Gauguin Portraits, The National Gallery - ★★★★★ - Until January 26, 2020


Portraits are usually a study of the sitter but, perhaps unsurprisingly, Gauguin's are usually about himself. Even in the self-portraits we are not given Gauguin as he sees himself, but as he wants to be seen. In works like Christ in the Garden of Olives Gauguin is presenting himself as a martyr to his art and seeking to create an impression rather than delineate a reality. Studies of others are also often simply reflections of the artist's own preoccupations. The picture of his daughter, Aline, looking away from the painter and overshadowed by the Cézanne-like fruit in the foreground can well suggest her father's turning away from his family and toward his commitment to life as an artist. Similarly, the portraits of his friend, Meijer de Haan, represent not the individual as much as what de Haan came to symbolise in Gauguin's personal meditations on religion, culminating in his sinister likeness in Barbarian Tales. Whether in rural France or in Polynesia, Gauguin uses his subjects to explore his vision rather than seeking their truths. In recent times Gauguin has become a controversial figure and his life and work are bound to provoke far ranging discussions. The fascination with both is undeniable, and it is heightened by this brilliantly curated exhibition which includes Gauguin's intriguing ceramics and the stunning carving of de Haan now in Ottawa. If you see only one exhibition this year, this should be the one!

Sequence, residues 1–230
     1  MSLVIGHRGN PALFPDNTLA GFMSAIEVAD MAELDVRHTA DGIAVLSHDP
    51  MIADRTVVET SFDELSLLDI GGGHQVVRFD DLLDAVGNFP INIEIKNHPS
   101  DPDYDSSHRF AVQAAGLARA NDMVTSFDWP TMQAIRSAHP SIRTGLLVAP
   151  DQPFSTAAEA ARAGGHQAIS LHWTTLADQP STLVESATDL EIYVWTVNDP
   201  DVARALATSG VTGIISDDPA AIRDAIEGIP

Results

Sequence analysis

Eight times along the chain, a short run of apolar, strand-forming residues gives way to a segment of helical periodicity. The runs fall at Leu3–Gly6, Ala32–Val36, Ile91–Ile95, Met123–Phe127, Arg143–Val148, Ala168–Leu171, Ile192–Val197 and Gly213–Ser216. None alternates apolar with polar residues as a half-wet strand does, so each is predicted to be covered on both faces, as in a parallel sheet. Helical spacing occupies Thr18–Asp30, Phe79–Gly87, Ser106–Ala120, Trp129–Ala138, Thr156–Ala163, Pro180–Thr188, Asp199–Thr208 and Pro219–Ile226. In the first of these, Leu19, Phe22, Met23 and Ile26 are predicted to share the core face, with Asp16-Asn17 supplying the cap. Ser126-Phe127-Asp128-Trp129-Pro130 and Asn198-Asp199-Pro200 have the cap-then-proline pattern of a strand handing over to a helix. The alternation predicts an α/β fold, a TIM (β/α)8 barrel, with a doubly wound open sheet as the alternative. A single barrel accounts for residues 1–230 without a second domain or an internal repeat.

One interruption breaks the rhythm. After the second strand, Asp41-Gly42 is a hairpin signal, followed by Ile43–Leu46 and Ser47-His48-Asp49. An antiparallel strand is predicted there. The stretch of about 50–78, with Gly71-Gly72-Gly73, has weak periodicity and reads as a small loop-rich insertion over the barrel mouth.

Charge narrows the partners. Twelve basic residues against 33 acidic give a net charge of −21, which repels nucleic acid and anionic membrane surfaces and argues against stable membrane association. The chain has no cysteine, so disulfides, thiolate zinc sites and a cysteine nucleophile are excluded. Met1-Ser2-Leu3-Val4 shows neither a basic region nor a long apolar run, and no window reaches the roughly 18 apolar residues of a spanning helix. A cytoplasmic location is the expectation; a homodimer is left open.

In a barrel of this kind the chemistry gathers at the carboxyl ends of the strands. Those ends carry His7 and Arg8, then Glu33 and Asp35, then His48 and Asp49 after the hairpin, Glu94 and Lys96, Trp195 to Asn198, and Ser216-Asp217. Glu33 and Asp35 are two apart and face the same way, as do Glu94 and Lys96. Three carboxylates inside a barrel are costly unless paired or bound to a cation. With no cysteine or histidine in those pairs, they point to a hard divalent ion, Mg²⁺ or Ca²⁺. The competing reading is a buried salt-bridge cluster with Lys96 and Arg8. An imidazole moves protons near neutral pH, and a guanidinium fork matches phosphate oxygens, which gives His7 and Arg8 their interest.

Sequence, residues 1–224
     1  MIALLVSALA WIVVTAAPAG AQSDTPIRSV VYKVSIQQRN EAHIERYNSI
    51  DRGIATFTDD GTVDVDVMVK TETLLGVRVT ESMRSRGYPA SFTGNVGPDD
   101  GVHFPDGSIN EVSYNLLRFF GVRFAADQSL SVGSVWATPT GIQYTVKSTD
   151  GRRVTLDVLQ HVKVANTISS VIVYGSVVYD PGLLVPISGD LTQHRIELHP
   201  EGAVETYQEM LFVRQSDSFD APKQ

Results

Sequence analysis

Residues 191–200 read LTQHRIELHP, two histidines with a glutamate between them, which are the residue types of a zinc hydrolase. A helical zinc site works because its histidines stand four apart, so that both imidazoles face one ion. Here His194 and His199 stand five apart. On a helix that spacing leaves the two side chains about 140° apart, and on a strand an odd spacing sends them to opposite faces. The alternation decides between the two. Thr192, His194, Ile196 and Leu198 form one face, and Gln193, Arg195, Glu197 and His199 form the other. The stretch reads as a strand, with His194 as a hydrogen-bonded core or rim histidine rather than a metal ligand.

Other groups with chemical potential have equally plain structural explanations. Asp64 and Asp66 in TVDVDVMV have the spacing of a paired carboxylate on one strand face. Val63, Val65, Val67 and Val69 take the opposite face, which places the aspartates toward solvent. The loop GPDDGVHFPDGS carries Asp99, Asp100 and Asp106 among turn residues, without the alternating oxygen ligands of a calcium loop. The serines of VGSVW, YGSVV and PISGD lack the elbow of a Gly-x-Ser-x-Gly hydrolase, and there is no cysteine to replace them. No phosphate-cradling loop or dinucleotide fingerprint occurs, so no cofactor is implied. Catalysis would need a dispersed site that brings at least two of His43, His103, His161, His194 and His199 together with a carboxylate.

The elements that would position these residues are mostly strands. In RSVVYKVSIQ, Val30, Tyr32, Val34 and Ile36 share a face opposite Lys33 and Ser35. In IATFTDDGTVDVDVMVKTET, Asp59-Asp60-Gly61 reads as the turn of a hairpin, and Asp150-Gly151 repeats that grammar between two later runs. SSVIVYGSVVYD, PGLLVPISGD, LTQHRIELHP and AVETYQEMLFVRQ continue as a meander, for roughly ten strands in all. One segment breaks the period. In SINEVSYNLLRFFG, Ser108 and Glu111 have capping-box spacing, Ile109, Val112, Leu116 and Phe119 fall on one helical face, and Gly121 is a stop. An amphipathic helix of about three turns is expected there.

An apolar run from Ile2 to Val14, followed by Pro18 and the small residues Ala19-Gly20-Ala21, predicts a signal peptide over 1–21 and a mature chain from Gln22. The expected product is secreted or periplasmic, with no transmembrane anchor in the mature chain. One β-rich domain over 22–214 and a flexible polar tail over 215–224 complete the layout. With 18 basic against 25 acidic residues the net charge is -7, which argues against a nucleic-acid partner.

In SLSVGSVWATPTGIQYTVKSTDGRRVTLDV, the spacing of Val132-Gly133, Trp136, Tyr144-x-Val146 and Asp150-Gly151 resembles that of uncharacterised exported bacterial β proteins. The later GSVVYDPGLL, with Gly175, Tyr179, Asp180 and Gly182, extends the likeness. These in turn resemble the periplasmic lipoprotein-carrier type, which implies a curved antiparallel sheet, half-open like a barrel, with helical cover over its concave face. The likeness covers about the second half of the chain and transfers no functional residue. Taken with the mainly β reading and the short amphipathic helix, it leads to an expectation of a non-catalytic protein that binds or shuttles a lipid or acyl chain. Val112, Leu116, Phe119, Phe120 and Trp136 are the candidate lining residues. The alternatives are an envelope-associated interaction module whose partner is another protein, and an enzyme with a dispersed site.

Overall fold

Reviewed by J.C.

 Our Score:  ☆☆☆☆☆ 

WHEN, WHERE, GETTING THERE:
Oct 7, 2019 - Jan 26, 2020
Sat - Thu: 10 am - 4:45 pm
Fri: 10 am - 7:45 pm
Sainsbury Wing, The National Gallery
Nearest tube: Charing Cross
https://www.nationalgallery.org.uk/exhibitions/the-credit-suisse-exhibition-gauguin-portraits

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